Opposition lawmakers in the United States are appalled that the Obama Administration would consider not selling more and newer F-16s to Taiwan but are aircraft really what the island nation needs to defend itself against mainland China?
The White House is under pressure from Republicans in the Senate to approve additional arms sales to Taiwan after it signaled to its ally last month that a formal request for an F-16 upgrade would probably be denied. Taiwan needs to boost its air defenses as some 70 percent of its current jet fleet is set to retire over the next decade.
Last year’s arms sale of defense equipment to Taiwan soured Sino-American relations for months. Beijing continues to regard the republic as a renegade province at a time when America’s security commitment to Taiwan is becoming problematic and its economic ties with the Chinese becoming evermore important.
China has heavily invested in air and missile strike capabilities over the last decade, causing a security imbalance to develop across the Taiwanese Strait that America is unlikely to be able to mend with military force alone. In the near future, the United States will probably not be able to bring enough fighter jets to battle to offset China’s quantitative superiority. It hasn’t enough planes stationed nearby, on Taiwan nor in Japan, and could not dispatch enough aircraft carriers to the site in time to effectively repel an invasion.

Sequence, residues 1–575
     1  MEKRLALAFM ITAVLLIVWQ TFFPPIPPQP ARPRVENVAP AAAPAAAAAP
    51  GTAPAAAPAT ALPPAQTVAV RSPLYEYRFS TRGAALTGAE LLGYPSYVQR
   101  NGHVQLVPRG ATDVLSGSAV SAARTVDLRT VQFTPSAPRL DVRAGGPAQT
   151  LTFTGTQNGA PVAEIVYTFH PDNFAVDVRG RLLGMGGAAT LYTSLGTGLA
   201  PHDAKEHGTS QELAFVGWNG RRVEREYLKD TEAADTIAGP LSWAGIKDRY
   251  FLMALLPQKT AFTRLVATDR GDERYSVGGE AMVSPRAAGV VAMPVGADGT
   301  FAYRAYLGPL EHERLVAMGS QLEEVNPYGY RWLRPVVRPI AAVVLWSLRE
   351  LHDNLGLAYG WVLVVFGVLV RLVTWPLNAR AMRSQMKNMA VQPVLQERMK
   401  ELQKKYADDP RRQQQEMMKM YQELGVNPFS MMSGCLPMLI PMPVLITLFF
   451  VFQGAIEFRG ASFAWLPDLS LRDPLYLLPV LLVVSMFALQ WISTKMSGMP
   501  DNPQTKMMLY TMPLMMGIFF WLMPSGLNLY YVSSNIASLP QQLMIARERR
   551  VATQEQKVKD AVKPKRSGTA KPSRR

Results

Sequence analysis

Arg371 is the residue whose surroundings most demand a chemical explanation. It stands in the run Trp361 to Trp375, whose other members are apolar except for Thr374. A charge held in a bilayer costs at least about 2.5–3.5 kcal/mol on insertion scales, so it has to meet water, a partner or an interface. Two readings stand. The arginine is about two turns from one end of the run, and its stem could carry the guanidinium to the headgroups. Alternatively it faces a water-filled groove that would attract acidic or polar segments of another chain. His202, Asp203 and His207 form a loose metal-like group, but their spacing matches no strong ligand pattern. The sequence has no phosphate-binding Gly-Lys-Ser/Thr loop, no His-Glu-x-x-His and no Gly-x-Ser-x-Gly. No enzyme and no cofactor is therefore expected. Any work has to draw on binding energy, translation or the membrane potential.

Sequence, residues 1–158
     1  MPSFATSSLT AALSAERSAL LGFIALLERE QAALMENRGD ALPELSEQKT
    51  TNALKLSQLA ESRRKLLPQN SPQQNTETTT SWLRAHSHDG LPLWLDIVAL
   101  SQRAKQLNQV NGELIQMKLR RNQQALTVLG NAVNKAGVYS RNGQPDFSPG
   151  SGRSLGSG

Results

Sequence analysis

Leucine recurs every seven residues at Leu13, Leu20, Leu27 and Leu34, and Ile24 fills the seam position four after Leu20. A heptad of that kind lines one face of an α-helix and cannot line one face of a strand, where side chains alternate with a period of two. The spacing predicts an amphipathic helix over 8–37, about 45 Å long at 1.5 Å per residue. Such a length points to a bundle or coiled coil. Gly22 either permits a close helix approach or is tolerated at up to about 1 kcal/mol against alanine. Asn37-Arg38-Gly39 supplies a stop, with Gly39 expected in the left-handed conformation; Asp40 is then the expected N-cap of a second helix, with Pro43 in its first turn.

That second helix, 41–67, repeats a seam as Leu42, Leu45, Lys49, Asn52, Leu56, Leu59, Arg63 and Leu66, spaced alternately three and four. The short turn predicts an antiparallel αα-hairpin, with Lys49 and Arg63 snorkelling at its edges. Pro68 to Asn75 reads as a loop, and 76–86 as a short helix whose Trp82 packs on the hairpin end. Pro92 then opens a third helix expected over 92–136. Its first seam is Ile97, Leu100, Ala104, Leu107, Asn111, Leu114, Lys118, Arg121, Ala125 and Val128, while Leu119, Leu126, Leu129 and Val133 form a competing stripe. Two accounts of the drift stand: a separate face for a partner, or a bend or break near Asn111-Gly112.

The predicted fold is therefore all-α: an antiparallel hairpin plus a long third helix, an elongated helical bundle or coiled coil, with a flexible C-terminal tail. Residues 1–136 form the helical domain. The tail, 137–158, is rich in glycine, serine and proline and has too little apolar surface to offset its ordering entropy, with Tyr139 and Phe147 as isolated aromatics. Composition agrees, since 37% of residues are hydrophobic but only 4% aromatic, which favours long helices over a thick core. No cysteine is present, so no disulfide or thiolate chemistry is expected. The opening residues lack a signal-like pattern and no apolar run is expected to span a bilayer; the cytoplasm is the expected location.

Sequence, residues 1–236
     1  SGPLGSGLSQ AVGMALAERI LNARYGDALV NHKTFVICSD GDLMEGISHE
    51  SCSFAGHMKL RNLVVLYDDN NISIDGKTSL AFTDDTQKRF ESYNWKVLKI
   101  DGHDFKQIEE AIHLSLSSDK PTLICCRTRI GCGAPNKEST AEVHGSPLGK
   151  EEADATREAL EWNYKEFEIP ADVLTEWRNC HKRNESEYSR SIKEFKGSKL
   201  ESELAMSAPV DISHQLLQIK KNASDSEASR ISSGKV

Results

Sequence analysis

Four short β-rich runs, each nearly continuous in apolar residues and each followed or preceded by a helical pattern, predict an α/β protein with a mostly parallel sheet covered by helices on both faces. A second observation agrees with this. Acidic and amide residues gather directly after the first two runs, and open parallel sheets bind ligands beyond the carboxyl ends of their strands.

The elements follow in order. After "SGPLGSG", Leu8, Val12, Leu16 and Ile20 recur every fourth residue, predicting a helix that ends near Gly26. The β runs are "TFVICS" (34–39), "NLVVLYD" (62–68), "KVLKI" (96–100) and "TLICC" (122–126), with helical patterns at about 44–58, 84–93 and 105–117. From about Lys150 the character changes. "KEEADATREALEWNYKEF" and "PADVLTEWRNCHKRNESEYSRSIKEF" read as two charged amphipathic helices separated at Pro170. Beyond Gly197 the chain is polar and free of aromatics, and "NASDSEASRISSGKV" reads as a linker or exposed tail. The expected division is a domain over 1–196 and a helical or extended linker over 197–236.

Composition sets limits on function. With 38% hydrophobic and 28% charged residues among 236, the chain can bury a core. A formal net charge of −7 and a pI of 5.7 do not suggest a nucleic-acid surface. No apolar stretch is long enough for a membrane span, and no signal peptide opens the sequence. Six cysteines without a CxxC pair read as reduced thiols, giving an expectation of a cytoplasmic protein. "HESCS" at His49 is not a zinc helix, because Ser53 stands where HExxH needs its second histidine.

The Taiwanese air force meanwhile is increasingly vulnerable to a Chinese missile attack which could destroy all of Taiwan’s airfields in a single strike, rendering its fixed-wing airpower virtually useless.
In short, the United States and Taiwan can no longer be confident of winning the battle for the air in the air.
In order to restore balance, the United States could disperse fighter planes across a larger number of bases or seek to pose the same kind of threat to China’s air force bases as it presents to those on Taiwan and Okinawa, Japan. That would require fielding hundreds of additional midrange missiles on Taiwan however which neither America nor Taiwan currently operates.
The alternative would be to make abundantly clear that an attack against Taiwan would be considered an attack on the United States but will Washington truly retaliate if the Chinese manage to disable the island’s defenses and launch an invasion within a matter of days? Would America be willing to go to war with China over Taiwan?
If the answer is “no,” a better strategy, according to Robert Haddick at Foreign Policy, would be to mimic mainland China’s missile program. “Mobile launchers, which unlike airfields could evade detection and targeting, could support both battlefield and strategic missiles that could hold targets on the mainland at risk.”
Over a thousand ballistic missiles are now aimed at Taiwan and a hundred more are added every year. The Taiwanese should field more of such weapons of their own and invest in anti-missile defenses that would prove far more effective in the event of an attack from the mainland than an expanded fleet of aging fighter planes. “Such a program could do a better job of restoring a military balance across the Taiwan Strait than would fixed-wing aircraft operating from vulnerable bases.”